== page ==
In both Pennsylvania and New Jersey, major business and employment litigation cases will usually be tried to a judge or a jury at a trial court level. In Pennsylvania, this is the Court of Common Pleas, and in New Jersey, this is the Superior Court Law Division. After trial, if any party is dissatisfied with the results at trial, subject to very stringent timing and procedural rules, it can take an appeal. In Pennsylvania, appeals are taken to the Superior Court or the Commonwealth Court. In New Jersey, they are taken to the Superior Court Appellate Division. These are sometimes referred to as intermediate appellate courts, because both PA and NJ also have Supreme Courts which serve as the appellate courts of last resort. For cases brought in Federal Courts, the trial court is the United States District Court, the intermediate appellate court (for PA and NJ) is the Third Circuit Court of Appeals, and the court of last resort is the United States Supreme Court.
So why is this important? Because in evaluating a lawsuit, whether in terms of its strength or weaknesses on the merits, in terms of its cost, or in terms of the time it will take to reach its conclusion, the likelihood of an appeal must be considered. Your trial lawyer should be well versed in the appellate process — and ready, willing and able to handle your case through appeal. If your attorney does not handle appeals and/or does not intend to handle yours, then at the very least, your attorney should consult with qualified appellate counsel prior to trial. Once the trial is over, it may be too late to preserve appellate issues and/or to arrive at the appellate stage with your case in its best posture. For this reason, waiting until after trial to speak to appellate counsel for the first time is not advisable. Additionally, if you intend to hire a new attorney to handle the appeal, you should expect to pay him/her to get up to speed on the facts and history of the case, which is not necessary if your trial attorney is also your appellate attorney.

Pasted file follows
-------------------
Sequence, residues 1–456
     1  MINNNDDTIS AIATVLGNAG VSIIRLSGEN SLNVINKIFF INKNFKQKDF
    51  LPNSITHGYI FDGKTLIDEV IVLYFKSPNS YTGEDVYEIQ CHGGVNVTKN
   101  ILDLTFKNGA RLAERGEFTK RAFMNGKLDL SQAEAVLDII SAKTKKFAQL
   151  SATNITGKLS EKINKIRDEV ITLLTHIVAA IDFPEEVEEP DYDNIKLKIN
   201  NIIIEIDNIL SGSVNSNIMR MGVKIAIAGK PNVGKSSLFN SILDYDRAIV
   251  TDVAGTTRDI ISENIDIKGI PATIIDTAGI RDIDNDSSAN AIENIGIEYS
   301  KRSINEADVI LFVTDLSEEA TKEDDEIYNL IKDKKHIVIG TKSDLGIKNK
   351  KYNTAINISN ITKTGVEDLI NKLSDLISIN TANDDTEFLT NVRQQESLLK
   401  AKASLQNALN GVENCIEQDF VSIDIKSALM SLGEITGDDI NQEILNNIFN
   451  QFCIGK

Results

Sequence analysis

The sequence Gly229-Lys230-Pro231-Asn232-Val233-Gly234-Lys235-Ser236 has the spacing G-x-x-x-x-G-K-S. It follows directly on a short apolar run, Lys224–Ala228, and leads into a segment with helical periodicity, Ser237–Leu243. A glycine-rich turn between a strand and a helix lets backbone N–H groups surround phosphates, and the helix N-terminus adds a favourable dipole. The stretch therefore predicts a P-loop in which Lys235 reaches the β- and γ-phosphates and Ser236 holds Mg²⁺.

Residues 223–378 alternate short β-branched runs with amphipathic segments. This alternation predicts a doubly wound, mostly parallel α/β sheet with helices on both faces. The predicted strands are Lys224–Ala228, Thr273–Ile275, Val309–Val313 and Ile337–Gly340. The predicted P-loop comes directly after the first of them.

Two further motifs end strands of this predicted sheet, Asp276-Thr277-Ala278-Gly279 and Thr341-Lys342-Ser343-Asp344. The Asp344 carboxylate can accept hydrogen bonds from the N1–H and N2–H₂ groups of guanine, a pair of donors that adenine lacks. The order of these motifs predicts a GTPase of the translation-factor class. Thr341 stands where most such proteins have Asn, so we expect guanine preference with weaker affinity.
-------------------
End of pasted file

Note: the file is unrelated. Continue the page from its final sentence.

Remember that your case being on appeal is not necessarily your choice. You may be thrilled with a jury’s verdict, but if your adversary is not, you will likely end up in an appellate court. Be prepared when you get there.